Mapping Rain & Snow: How the Global Precipitation Measurement Satellite Works (Infographic)
The Global Precipitation Measurement Core Observatory (GPM) surveys Earth’s weather from 65 degrees north to 65 degrees south latitude. GPM works along with a constellation of other satellites to provide worldwide coverage.
On the ground, precipitation can be measured by an array of rain gauges scattered around the world. From its 253-mile-high (407 kilometers) orbit, the GPM satellite passes over almost the entire world. GPM circles the globe every 93 minutes, completing 16 orbits per day. GPM is one of a constellation of weather satellites.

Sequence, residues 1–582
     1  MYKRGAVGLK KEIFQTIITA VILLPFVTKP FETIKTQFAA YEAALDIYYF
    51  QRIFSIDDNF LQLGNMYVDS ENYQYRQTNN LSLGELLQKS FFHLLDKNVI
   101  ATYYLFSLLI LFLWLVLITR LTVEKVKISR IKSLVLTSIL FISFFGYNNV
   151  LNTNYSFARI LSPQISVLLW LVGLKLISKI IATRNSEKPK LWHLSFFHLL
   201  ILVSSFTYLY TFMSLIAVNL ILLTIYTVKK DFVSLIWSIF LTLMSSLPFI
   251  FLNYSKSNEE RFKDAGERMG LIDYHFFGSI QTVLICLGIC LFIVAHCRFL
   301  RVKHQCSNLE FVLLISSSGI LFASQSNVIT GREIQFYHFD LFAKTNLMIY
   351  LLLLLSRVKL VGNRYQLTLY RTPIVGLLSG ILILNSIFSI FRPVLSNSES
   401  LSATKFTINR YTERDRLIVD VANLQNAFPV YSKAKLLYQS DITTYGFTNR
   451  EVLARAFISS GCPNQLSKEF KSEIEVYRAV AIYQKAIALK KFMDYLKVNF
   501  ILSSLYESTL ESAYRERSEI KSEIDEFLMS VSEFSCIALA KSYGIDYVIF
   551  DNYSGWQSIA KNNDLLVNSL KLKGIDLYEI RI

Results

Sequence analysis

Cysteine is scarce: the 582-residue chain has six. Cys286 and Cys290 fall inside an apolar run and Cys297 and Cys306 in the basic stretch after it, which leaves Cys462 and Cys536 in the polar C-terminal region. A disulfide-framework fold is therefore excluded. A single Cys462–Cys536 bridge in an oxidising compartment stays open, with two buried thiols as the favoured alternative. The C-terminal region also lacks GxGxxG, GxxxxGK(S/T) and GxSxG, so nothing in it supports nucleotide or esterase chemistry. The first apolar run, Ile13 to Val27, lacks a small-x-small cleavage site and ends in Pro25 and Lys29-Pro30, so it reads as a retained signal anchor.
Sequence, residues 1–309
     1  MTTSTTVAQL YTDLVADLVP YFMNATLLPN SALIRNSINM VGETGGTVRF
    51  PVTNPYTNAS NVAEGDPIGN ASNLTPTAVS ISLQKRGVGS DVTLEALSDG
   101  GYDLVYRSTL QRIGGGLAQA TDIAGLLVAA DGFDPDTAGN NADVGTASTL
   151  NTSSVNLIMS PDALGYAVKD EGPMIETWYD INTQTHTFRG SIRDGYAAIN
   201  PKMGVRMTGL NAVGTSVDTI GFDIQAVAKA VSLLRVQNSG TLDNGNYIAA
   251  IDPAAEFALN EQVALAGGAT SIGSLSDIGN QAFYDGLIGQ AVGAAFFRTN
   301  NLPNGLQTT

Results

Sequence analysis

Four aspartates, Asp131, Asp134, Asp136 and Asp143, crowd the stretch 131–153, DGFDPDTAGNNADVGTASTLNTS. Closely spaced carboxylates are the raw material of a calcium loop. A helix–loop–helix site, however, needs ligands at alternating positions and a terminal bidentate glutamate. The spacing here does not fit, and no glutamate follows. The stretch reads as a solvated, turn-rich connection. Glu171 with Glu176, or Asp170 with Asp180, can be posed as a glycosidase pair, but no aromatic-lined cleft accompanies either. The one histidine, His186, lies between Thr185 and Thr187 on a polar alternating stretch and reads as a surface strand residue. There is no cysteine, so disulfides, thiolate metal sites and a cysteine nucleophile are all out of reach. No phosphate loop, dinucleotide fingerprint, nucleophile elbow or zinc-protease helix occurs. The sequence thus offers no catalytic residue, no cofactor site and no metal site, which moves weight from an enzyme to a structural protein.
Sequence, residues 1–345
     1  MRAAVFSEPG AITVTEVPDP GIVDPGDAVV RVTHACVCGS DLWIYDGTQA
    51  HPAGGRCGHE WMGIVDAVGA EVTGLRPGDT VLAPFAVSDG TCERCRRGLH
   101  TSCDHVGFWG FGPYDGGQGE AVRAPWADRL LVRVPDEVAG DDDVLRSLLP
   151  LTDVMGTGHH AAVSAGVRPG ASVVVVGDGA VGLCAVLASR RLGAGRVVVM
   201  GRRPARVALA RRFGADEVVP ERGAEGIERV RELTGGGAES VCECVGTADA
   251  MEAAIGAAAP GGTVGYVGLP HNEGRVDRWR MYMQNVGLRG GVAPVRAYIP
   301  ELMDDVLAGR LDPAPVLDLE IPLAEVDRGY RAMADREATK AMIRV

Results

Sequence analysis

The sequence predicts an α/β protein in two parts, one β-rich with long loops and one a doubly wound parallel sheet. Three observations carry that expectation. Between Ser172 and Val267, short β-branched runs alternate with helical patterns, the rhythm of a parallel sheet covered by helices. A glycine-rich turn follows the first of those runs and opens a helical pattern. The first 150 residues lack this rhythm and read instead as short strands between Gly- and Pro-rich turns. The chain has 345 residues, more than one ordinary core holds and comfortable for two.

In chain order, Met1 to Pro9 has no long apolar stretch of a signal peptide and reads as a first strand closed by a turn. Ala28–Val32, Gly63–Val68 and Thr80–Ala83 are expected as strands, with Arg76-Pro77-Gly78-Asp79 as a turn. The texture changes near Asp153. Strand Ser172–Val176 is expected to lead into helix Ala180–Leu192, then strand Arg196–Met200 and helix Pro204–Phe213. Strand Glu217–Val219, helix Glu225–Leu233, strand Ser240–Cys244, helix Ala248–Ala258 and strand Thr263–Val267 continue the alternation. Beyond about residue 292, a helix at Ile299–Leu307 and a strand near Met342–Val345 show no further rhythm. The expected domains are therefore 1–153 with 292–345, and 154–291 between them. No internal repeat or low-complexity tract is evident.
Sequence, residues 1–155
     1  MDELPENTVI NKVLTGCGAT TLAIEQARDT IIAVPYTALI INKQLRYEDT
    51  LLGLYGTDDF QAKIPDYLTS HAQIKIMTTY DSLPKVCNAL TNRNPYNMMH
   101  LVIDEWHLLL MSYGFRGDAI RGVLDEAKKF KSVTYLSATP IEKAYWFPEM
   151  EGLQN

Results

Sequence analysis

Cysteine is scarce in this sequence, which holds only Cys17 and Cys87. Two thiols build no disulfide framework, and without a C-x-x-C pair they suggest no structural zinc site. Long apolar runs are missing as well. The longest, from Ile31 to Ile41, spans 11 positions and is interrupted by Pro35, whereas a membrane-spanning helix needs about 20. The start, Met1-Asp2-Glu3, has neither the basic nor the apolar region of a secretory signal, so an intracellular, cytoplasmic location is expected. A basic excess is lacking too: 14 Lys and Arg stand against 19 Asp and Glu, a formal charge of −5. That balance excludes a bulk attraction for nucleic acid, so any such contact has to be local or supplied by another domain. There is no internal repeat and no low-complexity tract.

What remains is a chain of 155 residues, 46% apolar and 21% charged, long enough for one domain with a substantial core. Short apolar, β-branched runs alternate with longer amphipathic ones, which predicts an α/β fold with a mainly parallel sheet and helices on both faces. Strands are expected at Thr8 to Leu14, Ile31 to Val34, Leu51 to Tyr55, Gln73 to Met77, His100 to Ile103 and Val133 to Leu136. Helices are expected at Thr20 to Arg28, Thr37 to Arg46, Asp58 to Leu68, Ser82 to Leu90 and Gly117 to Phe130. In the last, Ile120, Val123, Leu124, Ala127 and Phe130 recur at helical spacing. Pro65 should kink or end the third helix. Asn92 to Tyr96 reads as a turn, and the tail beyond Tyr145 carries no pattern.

GPM has a mass of 8,598 lbs. (3,900 kilograms). Its wingspan across the solar panels is 39 feet (12 meters). It is launched on a Japanese H-IIA rocket.
The satellite carries a microwave imager. Its ccanning antenna rotates 32 times per minute, while a downward pointing detector reads microwaves reflected from the atmosphere below.
As it orbits, GPM scans the Earth’s atmosphere with its Dual-Frequency Precipitation Radar. The radar scans in two frequencies, the Ku scan (13.6 gigahertz) and the Ka scan (35.5 gigahertz).